Solar Retrofit Part 6: Roof Reinforcements

The solar collectors on my house will not be parallel to the roof but will stand up at an angle of approximately 40 degrees.  With some of the recent wind storms around Edmonton and other places in Alberta I've been quite concerned about my house if one of those storms hits again after the collectors are up.  read more... »

Natural Gas and Hard Limits

North American Natural Gas Production as of 2002


"It’s not that hard to predict what will happen in the future (I will die; Fifi, my son Fallon’s stuffed orca, will eventually need restuffing, etc.) but it is very hard to predict with any accuracy when things will happen."

Robert X. Cringely (in a recent blog post)


In 2003, the AUMA held a conference called the Alberta Municipal Energy Efficiency & Greenhouse Gas Conference. I always laughed at the title, because the real reason we were all there was high natural gas prices. "Expensive Natural Gas Conference" would have been more accurate, as prices exploded circa 2000, and suddenly we cared about greenhouse gases.

Conventional natural gas production (ie. the old, easy way to produce gas) in North America has been on the wane for some time now. It has most probably peaked and will continue its decline forever. This fact led many, including myself, to be alarmed at the prospects for natural gas going forward. I asked myself "how will the hundreds of thousands of energy-hungry houses and buildings stay warm in 2030?" I think that everyone should be concerned about the availability of finite resources instead of assuming that someone else will figure it out for us.

Unfortunately for the climate, a resource called shale gas has come into play over the past few years. Apparently there is a lot of it, and it is being brought on stream in large quantities. So the price of natural gas has dipped significantly, and the pundits are starting to talk about gas as a major player in North America for the next long while. While there are many unanswered questions about shale gas (such as how much energy is needed to get it out of the ground and the steep rate of well depletion), it seems that a continent-wide snooze button has been pressed on the subject of heating our homes and fuelling our industry with a depleting, finite resource.

We waste what is cheap, so cheap energy is bad news on many fronts. Interest in green building will decline, investments in renewable energy will be less than they would have been with pricier gas.

It’s frustrating that the apparent near-term abundance of natural gas will keep so many people apathetic about energy. Yet every day we approach the physical limits of growth. It’s not hard to predict that we will hit them. It’s not even hard to predict that we will hit them soon. What is hard is to get people to care when the price signal isn’t there, and when we have just bought ourselves another few years of complacency on the natural gas front.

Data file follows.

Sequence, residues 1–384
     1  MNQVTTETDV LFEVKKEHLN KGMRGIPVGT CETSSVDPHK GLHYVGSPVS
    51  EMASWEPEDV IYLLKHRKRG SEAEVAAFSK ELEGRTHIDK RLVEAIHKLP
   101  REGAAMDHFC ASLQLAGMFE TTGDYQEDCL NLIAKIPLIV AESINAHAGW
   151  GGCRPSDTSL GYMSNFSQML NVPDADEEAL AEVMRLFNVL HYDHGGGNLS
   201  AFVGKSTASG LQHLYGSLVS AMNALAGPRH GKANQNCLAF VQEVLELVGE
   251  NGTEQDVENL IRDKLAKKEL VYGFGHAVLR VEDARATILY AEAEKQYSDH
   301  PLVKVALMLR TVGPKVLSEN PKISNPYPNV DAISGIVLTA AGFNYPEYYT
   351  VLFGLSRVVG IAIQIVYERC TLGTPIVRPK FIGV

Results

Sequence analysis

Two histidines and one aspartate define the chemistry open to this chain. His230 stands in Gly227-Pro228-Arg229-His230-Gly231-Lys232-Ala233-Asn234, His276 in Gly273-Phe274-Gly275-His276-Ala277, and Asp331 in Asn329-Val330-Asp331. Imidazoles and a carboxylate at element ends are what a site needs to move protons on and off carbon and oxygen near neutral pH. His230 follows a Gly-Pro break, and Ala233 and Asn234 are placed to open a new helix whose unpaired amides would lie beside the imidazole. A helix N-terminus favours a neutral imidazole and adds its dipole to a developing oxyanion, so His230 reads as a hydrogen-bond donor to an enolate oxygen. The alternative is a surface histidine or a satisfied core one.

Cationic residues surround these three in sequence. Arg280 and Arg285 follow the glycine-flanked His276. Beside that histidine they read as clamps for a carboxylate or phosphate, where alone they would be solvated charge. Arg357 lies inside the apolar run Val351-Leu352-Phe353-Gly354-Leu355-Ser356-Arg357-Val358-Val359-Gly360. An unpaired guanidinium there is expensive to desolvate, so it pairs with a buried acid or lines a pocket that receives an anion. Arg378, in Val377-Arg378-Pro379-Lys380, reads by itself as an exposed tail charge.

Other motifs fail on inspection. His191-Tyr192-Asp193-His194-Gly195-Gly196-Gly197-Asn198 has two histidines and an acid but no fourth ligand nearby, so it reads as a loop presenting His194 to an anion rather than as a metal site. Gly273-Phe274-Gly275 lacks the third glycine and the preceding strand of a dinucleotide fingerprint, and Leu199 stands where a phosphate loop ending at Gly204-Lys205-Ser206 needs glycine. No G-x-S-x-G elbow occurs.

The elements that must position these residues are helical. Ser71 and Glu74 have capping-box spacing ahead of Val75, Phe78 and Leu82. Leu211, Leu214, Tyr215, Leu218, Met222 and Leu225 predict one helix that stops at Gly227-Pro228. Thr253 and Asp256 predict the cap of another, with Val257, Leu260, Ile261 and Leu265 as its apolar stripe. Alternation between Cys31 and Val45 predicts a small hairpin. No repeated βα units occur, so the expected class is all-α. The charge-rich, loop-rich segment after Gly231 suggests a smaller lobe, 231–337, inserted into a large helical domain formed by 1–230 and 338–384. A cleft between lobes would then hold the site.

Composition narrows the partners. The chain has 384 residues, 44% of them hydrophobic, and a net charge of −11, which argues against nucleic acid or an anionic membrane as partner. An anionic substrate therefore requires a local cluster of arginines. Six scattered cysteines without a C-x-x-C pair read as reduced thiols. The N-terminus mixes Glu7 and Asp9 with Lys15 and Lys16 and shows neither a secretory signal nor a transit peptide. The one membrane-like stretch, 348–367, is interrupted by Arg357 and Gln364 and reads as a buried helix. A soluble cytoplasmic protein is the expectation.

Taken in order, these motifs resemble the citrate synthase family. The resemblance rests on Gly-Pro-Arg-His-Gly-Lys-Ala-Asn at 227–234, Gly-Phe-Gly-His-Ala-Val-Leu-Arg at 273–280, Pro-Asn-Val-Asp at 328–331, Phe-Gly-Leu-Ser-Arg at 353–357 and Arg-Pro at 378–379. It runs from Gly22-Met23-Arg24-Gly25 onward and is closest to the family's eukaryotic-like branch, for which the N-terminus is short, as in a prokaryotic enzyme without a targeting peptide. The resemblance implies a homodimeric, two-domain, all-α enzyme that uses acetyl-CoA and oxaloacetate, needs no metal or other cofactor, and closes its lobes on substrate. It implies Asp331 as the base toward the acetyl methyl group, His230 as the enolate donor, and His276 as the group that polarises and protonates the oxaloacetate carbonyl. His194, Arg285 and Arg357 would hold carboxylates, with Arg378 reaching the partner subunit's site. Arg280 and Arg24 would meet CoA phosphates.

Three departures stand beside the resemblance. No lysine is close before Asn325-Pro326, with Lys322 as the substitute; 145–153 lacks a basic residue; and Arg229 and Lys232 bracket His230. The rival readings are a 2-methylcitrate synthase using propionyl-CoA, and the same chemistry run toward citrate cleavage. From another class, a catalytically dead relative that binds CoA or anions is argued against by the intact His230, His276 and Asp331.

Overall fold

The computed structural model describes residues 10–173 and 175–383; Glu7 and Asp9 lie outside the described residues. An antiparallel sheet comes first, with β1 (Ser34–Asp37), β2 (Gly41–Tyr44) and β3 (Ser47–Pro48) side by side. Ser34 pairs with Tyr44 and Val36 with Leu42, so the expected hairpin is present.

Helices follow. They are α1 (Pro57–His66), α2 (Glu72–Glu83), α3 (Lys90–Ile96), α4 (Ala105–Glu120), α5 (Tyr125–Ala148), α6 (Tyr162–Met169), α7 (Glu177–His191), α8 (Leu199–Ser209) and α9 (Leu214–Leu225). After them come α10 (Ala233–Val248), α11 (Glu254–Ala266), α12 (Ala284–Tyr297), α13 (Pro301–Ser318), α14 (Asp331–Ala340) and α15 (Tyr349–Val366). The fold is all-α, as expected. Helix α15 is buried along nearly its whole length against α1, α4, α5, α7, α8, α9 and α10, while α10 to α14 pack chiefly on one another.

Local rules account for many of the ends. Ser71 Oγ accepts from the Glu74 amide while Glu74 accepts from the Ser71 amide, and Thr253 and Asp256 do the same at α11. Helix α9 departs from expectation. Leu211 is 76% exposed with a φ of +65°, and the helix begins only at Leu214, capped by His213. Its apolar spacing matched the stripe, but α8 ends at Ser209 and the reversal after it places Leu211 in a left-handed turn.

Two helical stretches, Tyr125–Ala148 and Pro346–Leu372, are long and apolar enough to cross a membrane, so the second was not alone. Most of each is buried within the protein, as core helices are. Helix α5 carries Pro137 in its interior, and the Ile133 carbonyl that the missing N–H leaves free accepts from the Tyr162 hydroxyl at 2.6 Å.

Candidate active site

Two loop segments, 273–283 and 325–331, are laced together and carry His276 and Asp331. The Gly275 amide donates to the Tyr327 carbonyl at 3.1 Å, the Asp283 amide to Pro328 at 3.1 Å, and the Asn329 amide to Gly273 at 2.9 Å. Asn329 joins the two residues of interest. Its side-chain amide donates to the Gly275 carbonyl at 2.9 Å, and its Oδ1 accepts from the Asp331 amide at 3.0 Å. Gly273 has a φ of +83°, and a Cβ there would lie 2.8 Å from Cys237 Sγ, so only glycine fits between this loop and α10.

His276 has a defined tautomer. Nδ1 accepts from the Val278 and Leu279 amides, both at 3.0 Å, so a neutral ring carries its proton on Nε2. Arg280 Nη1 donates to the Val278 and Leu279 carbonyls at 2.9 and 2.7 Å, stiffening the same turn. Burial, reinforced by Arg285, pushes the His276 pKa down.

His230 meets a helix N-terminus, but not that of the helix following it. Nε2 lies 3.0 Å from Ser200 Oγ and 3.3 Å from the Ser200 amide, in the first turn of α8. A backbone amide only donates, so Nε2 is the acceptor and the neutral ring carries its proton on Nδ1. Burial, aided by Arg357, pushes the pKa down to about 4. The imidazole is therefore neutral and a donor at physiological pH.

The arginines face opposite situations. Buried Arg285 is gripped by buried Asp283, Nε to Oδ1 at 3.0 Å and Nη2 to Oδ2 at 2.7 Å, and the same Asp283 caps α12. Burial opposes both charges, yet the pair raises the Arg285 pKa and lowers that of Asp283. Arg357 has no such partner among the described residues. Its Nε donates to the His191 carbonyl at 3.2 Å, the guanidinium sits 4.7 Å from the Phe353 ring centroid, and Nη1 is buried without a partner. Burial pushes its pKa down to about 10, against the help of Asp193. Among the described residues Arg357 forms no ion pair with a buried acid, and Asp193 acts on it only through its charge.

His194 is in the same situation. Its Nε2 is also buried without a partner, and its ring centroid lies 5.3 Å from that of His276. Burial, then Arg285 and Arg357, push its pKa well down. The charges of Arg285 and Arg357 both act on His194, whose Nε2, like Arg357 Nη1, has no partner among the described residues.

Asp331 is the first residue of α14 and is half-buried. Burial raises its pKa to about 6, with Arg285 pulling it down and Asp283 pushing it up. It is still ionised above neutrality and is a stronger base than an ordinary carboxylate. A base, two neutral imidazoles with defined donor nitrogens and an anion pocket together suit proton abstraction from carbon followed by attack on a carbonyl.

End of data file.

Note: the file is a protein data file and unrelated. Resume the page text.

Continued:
Of course, peak oil is another story entirely.

Phantom Load (or, How Not To Live In Caves)

The new microwave in the Mill Creek NetZero Home tries to burn 35 Kg of coal every year to display the time.

When discussing the environment with non-converts, the debate often degenerates to someone commenting “you want us to go back to living in caves”. The sentiment reveals a shocking but widespread ignorance about the vast quantities of energy and materials that we squander. Energy is cheap and ubiquitous, and it seems that humans are doomed to waste whatever is abundant.

The answer to the living in caves comment is that we could reduce our materials and energy consumption by 50% in a heartbeat without touching our standard of living. In fact, we could reduce consumption by over 90% and still live better than kings and emperors did 300 years ago. (Yes, monster truck rallies would have to go. If by “living in caves” you mean “stop driving my Hummer around while Tweeting on my cell phone”, then I stand corrected.)

The microwave at the top of page is state-of-the-art; we purchased it this year from IKEA, a company that makes claims of environmental responsibility. The problem is, it draws four Watts of electricity, all the time, day or night. The useful work that it manages to produce out of the 100 grams of dirty coal that it needs every day is to display a digital clock.  Quick! Raise your hand if you need another clock in your house!  read more... »

MCNZH - Progress (part 7) - stucco, hardwood, moving in


The Mill Creek NetZero Home is substantially completed.

The stucco is finished on the outside. We went with a cement-based stucco because of its looks and durability.

Peter Amerongen built a brick wall behind the wood burner. We used the bricks from the foundation of the house that used to be standing on the property. This wall adds more thermal mass (to capture both solar and wood heat) to the house, as well as a bit of history.

IMG_1980  read more... »